New York Living Wills & Health Care Proxies: What You Need to Know
Creating a New York health care proxy and living will is an important estate planning step.
Why do you need a living will and power of attorney for health care (called a health care proxy in New York)?
If you become unable to direct your own medical care because of illness, an accident, or advanced age, the right legal documents are your lifeline. When you don't write down your wishes about the kinds of medical treatment you want and name someone you trust to oversee your care, these important matters can be placed in the hands of estranged family members, doctors, or sometimes even judges, who may know very little about what you would prefer.
What are health care forms called in New York?
There are two basic kinds of health care documents that everyone should make. First, you'll need a document naming a trusted person to direct your health care if you are unable to do so yourself. This document is commonly called a power of attorney. In New York, the official name for this form is a health care proxy.
Second, you should make a document setting out the types of medical treatment you would or would not like to receive in certain situations. This document is usually known as a living will. New York doesn't have a statute authorizing living wills, but state case law gives you the right to make one.
Who makes health care decisions for me in New York?
In New York, the person you name to make decisions for you is called your agent. Most people name a spouse, partner, relative, or close friend as their agent. Under New York law, your agent may not be:
- under the age of 18, unless he or she is the parent of a child, or married
- your attending physician
- presently appointed health care representative for ten or more other people, unless he or she is your spouse, child, parent, brother, sister or grandparent, or
- an operator, administrator or employee of a hospital if, at the time of the appointment, you are a patient or resident of, or have applied for admission to, such hospital.
These restrictions don't apply to:
- an operator, administrator, or employee of a hospital who is related to you by blood, marriage or adoption, or
- a physician who is not your attending physician, except that no physician affiliated with a mental hygiene facility or a psychiatric unit of a general hospital may serve as agent for you if you are living in or being treated by such facility or unit unless the physician is related to you by blood, marriage or adoption.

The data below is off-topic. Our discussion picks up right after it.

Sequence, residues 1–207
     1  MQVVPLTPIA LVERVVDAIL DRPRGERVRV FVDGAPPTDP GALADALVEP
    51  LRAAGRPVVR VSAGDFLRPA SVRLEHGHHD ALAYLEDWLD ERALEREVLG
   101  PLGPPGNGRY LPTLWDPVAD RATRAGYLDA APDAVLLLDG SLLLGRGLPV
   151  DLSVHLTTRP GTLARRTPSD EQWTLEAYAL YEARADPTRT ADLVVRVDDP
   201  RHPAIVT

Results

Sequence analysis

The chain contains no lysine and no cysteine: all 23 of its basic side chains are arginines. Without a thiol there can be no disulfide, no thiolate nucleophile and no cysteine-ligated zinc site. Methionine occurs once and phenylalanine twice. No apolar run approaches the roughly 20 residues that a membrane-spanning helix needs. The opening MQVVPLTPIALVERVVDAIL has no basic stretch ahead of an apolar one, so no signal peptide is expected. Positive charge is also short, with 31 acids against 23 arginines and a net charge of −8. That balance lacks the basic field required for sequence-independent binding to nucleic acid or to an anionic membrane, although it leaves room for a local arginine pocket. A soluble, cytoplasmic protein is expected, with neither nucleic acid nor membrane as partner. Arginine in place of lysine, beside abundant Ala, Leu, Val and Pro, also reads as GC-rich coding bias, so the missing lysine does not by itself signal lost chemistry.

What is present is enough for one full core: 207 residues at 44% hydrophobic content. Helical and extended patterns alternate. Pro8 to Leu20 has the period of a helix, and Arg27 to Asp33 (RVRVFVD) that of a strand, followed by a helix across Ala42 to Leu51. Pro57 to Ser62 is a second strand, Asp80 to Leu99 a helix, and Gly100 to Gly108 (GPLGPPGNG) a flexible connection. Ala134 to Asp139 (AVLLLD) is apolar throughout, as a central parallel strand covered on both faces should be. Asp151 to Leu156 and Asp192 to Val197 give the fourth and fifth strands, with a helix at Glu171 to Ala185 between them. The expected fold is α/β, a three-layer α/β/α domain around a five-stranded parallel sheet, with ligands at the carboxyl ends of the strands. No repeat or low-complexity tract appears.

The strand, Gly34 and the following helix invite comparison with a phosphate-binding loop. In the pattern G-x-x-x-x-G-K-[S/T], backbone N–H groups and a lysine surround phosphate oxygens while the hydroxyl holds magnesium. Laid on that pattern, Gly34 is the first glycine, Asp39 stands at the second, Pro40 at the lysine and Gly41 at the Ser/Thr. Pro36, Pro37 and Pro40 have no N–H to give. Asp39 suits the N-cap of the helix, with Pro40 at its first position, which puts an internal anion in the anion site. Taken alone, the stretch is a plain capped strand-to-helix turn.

What else do I need to know about choosing an agent in New York?
When choosing your agent, the most crucial criteria are trustworthiness and dependability. You might also want to choose someone you think will be good at asserting your health care wishes if others argue against them -- that is, someone who is persistent or calm under pressure.
While you need not name someone who lives in New York, the person you name should at least be willing and able to travel to your bedside if necessary.
Your agent will begin to make health care decisions for you when you lack the capacity to do so. For more information, see Nolo's article Living Wills and Powers of Attorney for Health Care: How They Work.
Do I need a lawyer to make health care documents in New York?
You usually don't need a lawyer to prepare documents directing your health care. In fact, state governments have designed these forms for people to complete on their own by filling in the blanks. You can find the health care forms you need for New York in Nolo's Quicken WillMaker Plus software. The software includes detailed instructions for completing your documents and meets all New York legal requirements.
For more on New York estate planning issues, see our section on New York Estate Planning.